IT’S LIKE peeling back the layers, peeling back the veneer on the inner workings of the mind—that’s what the experience of visiting an artist’s studio is like. It seems only natural, then, that after descending the carpeted stairs of Neal and Tammy Harrington’s home in Russellville, passing through the finished basement and entering the studio that the two artists share, you should find something resembling a jumbled composite of two complete minds—something curious, something unexpected, something telling of who each artist is and the shared bonds between them.

Turns out, that’s Arnold Schwarzenegger.

Not that the Austrian-born icon necessarily has an oversized role in the Harringtons’ defining aesthetic (and, rest assured, he makes no appearances in either artist’s printmaking). But the two posters that hang in a small storage space just outside the studio proper—depicting him as bodybuilder and Conan the Barbarian—do give a visitor some sense of what they’ll find on the other side of the studio door, a space that feels very much like a Being John Malkovichian portal into a prepubescent boy’s subconscious.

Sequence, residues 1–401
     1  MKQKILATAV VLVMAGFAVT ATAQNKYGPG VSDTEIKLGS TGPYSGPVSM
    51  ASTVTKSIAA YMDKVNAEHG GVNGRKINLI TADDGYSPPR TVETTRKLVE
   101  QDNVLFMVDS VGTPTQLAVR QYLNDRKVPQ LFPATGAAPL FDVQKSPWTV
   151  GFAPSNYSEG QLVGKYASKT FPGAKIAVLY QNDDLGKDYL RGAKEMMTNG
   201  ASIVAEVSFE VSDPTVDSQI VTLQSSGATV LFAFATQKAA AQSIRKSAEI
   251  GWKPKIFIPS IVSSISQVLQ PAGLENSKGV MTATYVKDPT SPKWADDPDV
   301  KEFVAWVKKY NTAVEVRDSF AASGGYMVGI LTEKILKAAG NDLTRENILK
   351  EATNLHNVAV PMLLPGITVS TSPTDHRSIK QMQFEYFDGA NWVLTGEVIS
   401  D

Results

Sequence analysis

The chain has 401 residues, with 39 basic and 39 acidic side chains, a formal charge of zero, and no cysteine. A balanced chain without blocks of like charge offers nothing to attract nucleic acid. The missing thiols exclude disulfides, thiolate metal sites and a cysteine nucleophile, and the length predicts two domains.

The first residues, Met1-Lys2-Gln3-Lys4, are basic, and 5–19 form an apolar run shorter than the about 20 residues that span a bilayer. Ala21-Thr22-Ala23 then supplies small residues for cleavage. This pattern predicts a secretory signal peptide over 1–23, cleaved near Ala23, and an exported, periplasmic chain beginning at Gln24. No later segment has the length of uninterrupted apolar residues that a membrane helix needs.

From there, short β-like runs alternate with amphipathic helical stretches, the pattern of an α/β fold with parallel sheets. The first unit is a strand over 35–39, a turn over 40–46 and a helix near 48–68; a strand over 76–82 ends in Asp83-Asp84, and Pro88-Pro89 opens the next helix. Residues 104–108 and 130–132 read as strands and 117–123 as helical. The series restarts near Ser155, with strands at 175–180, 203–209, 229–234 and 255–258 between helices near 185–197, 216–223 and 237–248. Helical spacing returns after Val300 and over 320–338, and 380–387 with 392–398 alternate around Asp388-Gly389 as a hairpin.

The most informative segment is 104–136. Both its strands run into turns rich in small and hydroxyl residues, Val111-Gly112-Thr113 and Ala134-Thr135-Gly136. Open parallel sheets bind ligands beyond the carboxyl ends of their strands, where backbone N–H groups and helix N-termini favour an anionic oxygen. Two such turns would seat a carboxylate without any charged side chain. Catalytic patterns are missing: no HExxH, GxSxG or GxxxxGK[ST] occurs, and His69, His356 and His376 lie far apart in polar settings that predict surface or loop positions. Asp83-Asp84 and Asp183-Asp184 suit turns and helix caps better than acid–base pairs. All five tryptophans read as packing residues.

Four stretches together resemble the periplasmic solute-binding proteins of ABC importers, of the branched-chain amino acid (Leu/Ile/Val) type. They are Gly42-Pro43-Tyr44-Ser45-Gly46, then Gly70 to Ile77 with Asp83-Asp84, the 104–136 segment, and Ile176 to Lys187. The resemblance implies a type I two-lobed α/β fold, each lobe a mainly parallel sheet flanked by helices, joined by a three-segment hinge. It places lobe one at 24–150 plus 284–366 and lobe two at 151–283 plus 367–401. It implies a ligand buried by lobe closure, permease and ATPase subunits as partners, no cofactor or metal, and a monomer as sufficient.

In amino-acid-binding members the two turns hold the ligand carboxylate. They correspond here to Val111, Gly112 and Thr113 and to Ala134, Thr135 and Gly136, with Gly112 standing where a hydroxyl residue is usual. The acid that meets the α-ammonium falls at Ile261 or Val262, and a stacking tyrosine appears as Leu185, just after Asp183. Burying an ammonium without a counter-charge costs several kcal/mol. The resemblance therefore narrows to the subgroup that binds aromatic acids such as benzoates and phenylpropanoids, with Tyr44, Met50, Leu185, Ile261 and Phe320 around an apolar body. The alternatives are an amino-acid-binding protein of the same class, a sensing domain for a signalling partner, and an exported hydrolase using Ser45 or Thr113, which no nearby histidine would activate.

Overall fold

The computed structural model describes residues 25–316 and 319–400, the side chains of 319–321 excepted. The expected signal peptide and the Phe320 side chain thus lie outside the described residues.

In other words: There’s a lot of Neal.

After pointing out a third Arnold poster, this one attached to the ceiling, Neal says, “So, yeah, there’s a lot to look at, I guess.”

 

This is what you might call an understatement. Most every inch of the low-ceilinged space, its walls pegboard and plywood, has been papered with small prints, the shelves and floor space filled with curiosities of varying vintage.  But as we learn in the hour and a half that our staff spends with the Harringtons, there is nothing slapdash, nothing haphazard about the choice of decor. An extremely abbreviated list of the items Neal makes note of is as follows: Star Wars figurines he played with as a child; his childhood dresser with an old Walkman in the top drawer; a Presidential Fitness Award from Ronald Reagan; a “missing tooth award” from when he lost a tooth in February 1980.

“I’ll have to say, most of the decor is probably Neal’s,” Tammy says. “Neal-inspired.”

“Anything that is controversial or dirty is Tammy’s,” Neal says in a slow deadpan that won’t come across as well in print as it does spoken aloud. “Just right away, I have to lay that out. I’m very conservative. In my decorating.”